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Chat Replay: How common is Angelina Jolie's 'breast cancer gene'?

Categories: Community, World

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Hollywood actress Angelina Jolie is seen during a 2012 visit to Turkey as a special envoy for the U.N. refugee agency. (Umit Bektas/Associated Press)


News that actress Angelina Jolie has had a preventive double mastectomy has garnered much attention in the media and among online observers - but Jolie stresses that she's speaking out so other women can look into whether they "might be living under the shadow of cancer."

Jolie decided to have the surgery after learning she carried BRCA1, a "faulty" gene that made it extremely likely she would get breast cancer.


More specifically, doctors estimated she had an 87 per cent risk - a number that Jolie, a woman who lost her own mother to cancer, could not live with.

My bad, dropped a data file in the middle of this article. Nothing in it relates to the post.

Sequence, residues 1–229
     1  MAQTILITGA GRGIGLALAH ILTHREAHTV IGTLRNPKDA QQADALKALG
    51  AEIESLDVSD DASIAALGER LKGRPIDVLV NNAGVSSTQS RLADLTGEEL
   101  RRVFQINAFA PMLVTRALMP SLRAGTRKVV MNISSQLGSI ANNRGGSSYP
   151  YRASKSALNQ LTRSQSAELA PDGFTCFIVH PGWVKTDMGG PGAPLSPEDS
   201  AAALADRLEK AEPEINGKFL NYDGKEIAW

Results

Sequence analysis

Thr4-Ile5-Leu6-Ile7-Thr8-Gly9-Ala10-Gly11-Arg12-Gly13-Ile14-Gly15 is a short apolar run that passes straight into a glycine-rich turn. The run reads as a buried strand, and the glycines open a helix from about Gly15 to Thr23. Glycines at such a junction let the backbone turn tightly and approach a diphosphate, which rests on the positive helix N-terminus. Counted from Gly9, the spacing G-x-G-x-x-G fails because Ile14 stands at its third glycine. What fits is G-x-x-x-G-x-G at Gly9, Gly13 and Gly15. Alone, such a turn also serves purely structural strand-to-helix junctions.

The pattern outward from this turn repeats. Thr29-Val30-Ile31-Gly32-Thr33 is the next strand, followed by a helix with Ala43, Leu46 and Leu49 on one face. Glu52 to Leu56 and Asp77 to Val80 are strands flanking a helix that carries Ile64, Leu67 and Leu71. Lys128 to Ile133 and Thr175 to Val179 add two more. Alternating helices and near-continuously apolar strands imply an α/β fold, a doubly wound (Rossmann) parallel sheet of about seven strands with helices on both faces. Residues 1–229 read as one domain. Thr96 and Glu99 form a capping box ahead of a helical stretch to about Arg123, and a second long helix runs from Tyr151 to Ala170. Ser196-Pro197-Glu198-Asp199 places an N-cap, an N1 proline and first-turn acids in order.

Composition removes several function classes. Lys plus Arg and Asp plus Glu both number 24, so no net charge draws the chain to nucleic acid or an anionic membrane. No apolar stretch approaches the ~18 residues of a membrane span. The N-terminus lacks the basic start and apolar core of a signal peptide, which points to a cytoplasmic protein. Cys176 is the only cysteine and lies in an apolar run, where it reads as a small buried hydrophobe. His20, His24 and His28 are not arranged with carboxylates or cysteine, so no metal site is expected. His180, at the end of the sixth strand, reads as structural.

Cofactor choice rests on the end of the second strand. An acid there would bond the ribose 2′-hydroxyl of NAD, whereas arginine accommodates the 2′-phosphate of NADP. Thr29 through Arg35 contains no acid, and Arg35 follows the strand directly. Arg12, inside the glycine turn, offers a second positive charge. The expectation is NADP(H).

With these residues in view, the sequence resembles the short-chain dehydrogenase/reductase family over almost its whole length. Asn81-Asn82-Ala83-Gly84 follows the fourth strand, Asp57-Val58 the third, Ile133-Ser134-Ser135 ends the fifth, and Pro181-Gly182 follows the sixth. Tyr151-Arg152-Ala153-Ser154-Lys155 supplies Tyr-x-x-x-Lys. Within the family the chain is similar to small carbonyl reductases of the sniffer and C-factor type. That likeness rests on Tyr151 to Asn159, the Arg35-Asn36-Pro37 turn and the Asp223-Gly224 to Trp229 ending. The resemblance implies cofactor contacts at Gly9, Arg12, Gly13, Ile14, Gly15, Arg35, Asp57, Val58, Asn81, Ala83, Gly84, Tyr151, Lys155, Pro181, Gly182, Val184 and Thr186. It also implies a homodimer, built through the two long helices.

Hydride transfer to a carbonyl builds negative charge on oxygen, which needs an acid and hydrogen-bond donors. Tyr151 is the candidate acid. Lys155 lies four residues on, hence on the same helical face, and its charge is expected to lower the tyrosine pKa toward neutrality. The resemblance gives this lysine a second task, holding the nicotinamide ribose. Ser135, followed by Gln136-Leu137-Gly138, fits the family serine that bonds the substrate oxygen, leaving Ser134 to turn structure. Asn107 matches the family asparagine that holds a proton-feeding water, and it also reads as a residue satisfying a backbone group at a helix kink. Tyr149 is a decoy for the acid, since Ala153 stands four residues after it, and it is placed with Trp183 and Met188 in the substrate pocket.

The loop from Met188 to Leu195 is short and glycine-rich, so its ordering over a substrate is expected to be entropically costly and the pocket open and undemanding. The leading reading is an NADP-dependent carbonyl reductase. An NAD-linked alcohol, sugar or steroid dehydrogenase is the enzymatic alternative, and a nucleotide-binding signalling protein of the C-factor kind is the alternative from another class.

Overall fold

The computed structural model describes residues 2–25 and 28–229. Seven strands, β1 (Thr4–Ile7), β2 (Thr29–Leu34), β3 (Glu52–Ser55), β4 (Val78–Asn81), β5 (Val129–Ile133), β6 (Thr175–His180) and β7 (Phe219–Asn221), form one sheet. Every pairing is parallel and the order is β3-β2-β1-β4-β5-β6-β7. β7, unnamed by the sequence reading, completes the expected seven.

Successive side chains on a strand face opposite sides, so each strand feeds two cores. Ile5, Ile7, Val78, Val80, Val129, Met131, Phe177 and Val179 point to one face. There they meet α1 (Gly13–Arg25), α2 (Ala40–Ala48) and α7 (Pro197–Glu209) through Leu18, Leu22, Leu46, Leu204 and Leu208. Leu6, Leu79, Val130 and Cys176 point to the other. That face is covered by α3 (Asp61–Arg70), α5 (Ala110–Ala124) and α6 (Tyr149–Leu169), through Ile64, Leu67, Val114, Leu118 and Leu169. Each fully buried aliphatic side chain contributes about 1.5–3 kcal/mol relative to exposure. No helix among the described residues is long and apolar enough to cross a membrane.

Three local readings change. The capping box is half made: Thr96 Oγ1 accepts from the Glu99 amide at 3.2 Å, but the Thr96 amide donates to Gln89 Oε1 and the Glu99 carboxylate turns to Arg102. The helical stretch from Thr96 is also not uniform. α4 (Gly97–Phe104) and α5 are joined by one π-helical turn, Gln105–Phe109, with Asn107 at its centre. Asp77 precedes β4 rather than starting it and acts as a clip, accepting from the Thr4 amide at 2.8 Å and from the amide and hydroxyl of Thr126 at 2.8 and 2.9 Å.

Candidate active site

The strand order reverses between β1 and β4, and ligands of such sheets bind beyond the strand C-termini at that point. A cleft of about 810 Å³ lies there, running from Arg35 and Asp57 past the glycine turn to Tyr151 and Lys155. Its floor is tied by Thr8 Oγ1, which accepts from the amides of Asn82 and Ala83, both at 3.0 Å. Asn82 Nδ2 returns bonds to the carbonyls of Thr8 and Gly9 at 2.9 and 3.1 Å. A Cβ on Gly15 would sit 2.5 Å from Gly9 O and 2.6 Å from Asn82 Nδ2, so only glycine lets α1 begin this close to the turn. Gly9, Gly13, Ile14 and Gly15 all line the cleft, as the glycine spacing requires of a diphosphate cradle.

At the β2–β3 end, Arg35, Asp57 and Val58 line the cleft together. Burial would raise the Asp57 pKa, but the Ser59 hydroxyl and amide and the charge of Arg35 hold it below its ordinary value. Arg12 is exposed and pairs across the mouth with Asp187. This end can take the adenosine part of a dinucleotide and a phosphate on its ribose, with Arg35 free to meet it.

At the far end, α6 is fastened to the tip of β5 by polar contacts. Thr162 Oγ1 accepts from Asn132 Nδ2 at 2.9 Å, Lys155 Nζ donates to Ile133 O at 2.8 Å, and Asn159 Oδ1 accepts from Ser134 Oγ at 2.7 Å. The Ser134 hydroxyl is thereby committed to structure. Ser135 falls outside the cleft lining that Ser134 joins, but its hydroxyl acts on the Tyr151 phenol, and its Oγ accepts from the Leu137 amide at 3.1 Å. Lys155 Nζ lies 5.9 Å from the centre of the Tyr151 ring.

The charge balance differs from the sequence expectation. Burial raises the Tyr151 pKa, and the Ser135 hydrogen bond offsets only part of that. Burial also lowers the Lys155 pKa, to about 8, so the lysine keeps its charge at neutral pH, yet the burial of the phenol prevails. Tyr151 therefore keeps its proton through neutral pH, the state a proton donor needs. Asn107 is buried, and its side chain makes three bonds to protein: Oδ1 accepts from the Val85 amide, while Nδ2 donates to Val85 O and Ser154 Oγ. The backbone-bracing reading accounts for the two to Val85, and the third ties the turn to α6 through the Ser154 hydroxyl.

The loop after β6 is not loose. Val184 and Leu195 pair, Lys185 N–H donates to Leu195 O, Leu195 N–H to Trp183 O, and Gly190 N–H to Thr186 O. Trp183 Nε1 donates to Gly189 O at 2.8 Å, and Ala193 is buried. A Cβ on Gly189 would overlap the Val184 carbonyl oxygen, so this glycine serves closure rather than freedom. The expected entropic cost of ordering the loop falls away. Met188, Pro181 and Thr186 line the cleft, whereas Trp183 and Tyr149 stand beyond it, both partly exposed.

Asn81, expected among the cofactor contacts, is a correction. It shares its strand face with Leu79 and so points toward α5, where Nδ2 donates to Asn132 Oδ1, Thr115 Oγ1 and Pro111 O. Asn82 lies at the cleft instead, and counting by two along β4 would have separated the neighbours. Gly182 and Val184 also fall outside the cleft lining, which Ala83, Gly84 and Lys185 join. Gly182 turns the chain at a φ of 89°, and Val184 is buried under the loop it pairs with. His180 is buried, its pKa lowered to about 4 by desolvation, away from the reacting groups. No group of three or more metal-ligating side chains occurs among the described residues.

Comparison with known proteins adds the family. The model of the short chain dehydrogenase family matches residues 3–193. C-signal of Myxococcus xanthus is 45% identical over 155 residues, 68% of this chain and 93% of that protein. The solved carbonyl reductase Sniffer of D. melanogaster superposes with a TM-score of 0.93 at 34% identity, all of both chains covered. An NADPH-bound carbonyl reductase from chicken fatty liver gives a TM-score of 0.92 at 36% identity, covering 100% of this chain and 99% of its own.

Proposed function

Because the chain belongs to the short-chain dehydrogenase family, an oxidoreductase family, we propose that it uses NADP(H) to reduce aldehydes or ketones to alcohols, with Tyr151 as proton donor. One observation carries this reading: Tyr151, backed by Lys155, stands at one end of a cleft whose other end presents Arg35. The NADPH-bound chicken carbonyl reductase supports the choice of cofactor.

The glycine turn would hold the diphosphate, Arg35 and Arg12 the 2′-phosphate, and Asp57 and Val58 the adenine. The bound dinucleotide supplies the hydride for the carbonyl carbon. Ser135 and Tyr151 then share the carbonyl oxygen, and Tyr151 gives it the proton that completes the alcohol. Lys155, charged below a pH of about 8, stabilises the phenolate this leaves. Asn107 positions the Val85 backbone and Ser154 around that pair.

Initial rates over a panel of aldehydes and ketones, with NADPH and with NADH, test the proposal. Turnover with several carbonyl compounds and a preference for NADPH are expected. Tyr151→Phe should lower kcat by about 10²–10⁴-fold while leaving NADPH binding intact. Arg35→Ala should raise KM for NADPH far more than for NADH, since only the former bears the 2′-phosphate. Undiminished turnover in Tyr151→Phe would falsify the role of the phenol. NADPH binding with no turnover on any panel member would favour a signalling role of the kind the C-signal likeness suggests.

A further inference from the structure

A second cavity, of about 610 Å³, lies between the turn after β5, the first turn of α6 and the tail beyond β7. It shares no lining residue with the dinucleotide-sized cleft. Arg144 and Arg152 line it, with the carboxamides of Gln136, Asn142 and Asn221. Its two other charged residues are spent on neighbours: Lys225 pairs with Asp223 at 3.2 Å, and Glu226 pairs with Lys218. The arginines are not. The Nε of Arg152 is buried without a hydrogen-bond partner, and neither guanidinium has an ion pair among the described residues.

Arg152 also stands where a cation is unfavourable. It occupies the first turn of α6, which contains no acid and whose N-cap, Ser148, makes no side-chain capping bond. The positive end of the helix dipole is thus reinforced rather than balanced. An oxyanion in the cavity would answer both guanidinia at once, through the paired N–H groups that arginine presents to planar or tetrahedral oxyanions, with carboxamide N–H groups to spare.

"Once I knew that this was my reality, I decided to be proactive and to minimize the risk as much I could," she wrote in an op-ed piece for the New York Times.

"But I am writing about it now because I hope that other women can benefit from my experience."

Jolie's piece raises questions

Many are now seeking more detail about points raised in Jolie's piece - like the possibility of assessing one's own risk with a simple blood test, and seeing cancer as something that can be proactively prevented by non-celebrities, too.

Indeed, many ordinary women - less likely to make international headlines for their bravery - have shared their stories.


Women like Winnipegger Myla Meyer, who underwent a double mastectomy last year; and Susan Goldberg of Thunder Bay, Ont., who ">also carried a genetic mutation that made her susceptible to the disease.



This week on CBC Live Online, host Lauren O'Neil spoke to a panel of guests with special insight into preventative breast cancer surgeries about some of the questions raised in Angelina Jolie's op-ed "My Medical Choice."

How common is the gene mutation that Jolie has? Are the procedures she described covered across Canada? Is it really a good idea to remove your breasts to decrease the chances you'll breast cancer?

Replay the live chat below to learn more:



Tags: CBC Live Online, Community, Health, World

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